In Florida we have a habit of cheering half measures and Johnny-come-lately actions from our public leaders.
To wit: The Florida Legislature last week passed the first bill in a decade that acknowledges climate change – this in a state widely known as extraordinarily vulnerable to our altered climate.
The bill will require that the design of new coastal buildings paid for by the state take sea-level rise into account. The bill’s sponsor, Democratic Sen. Jose Javier Rodriguez, from Miami, acknowledged to The Miami Herald, that the bill was just one step along the long road to what Florida needs to do.
“Inaction for 30 years and hostility (to climate change) for the last decade means, frankly, anything more than sitting on your hands is an improvement,” Rodríguez said. “The bar is so incredibly low. Just speaking about climate is an improvement, and that cannot be the bar that we use.”
Yes, the bar is so incredibly low. Florida is, need you be reminded, where the last Governor, Rick Scott, actively shut down any public action on global warming, resulting in “the lost decade.” That’s a term used to describe our state government’s head-in-the-sand approach to its greatest long-term threat.
Gov. Ron DeSantis is more attuned to environmental issues than Scott (again, a low bar), and that won him support early in his term on environmental and climate issues. But we need far more than what we are getting from our state leaders.
The Clean Waterways Act that passed last week – an issue that DeSantis made a centerpiece of his 2018 campaign for office – was applauded by its legislative sponsors.
“This is the most important thing we’ve done for water in this state in 10 years,” said Sen. Ben Albritton, R-Wauchula, a sponsor of the legislation.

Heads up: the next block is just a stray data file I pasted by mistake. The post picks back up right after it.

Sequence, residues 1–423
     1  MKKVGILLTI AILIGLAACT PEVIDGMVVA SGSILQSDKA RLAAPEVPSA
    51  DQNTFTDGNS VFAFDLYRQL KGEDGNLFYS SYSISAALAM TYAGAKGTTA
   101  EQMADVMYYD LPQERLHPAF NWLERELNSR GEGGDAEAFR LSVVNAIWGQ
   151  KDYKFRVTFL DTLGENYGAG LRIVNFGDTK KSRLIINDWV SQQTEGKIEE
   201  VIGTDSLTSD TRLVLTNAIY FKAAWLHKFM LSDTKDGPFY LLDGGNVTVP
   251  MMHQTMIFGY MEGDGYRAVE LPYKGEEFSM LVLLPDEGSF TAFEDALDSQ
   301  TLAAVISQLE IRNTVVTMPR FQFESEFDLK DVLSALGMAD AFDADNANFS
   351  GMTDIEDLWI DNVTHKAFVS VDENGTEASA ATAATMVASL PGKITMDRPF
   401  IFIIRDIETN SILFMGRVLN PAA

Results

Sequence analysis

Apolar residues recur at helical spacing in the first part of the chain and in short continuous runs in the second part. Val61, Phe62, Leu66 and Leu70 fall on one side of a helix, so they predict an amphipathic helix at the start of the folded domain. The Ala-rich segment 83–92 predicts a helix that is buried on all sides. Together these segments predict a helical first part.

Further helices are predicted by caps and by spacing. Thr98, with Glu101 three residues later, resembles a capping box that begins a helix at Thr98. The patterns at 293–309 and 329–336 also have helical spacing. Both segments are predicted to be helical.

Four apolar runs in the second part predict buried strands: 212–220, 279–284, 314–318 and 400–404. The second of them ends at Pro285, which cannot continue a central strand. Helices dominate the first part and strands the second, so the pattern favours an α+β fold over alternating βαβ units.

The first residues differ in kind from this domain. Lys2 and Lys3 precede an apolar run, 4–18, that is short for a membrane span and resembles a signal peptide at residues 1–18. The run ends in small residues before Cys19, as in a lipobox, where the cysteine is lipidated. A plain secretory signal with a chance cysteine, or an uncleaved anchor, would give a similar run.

That is probably true, but environmental legislation was largely dead on arrival in Tallahassee during the last decade.
Ryan Smart, the Executive Director of the Florida Springs Council, shared a withering assessment of the bill, and other environmental organizations were similarly critical.
The legislation “does nothing to protect Florida’s springs, delays reaching water quality goals for decades, gives a free pass to many of Florida’s largest polluters, and prohibits local governments from trying to do better,” Smart told The Invading Sea. “Make no mistake, a yes vote on SB 712 is a vote for more pollution, not clean water.”
And so it goes across Florida. In Jacksonville, city leaders signal that they are finally ready to hire a chief resiliency officer in October – a long overdue decision from the last major city in Florida to make such a hire. Then the leader of a Special Resiliency Committee, Councilman Matt Carlucci, waived aside any discussion of halting a $484 million dredging project in the St. Johns River that makes the city more vulnerable to flooding. People need the jobs that a deeper river will bring, he says.
When will the half measures end? Like it or not, the decisions made and ignored on climate change in Florida and across the United States are essentially political.
Speaking of the Florida water quality bill, Jen Lomberk of the Matanzas Riverkeeper said, “unless our elected officials are willing to stand up to polluters, we can expect to watch our waterways continue to decline.”
That’s true, and the statement extends to climate issues. But it lets voters off the hook.
Unless Florida voters stop electing politicians who give lip service at best, and hostility at worst, to the need to protect our state from rising oceans and ever-hotter summers, we will leave our towns and cities in far worse shape than we were given them.
John Burr has more than 30 years experience as an editor and reporter in Northeast Florida, and is a member of the Jacksonville chapter of the Citizens’ Climate Lobby.
“The Invading Sea” is the opinion arm of the Florida Climate Reporting Network, a collaborative of news organizations across the state focusing on the threats posed by the warming climate.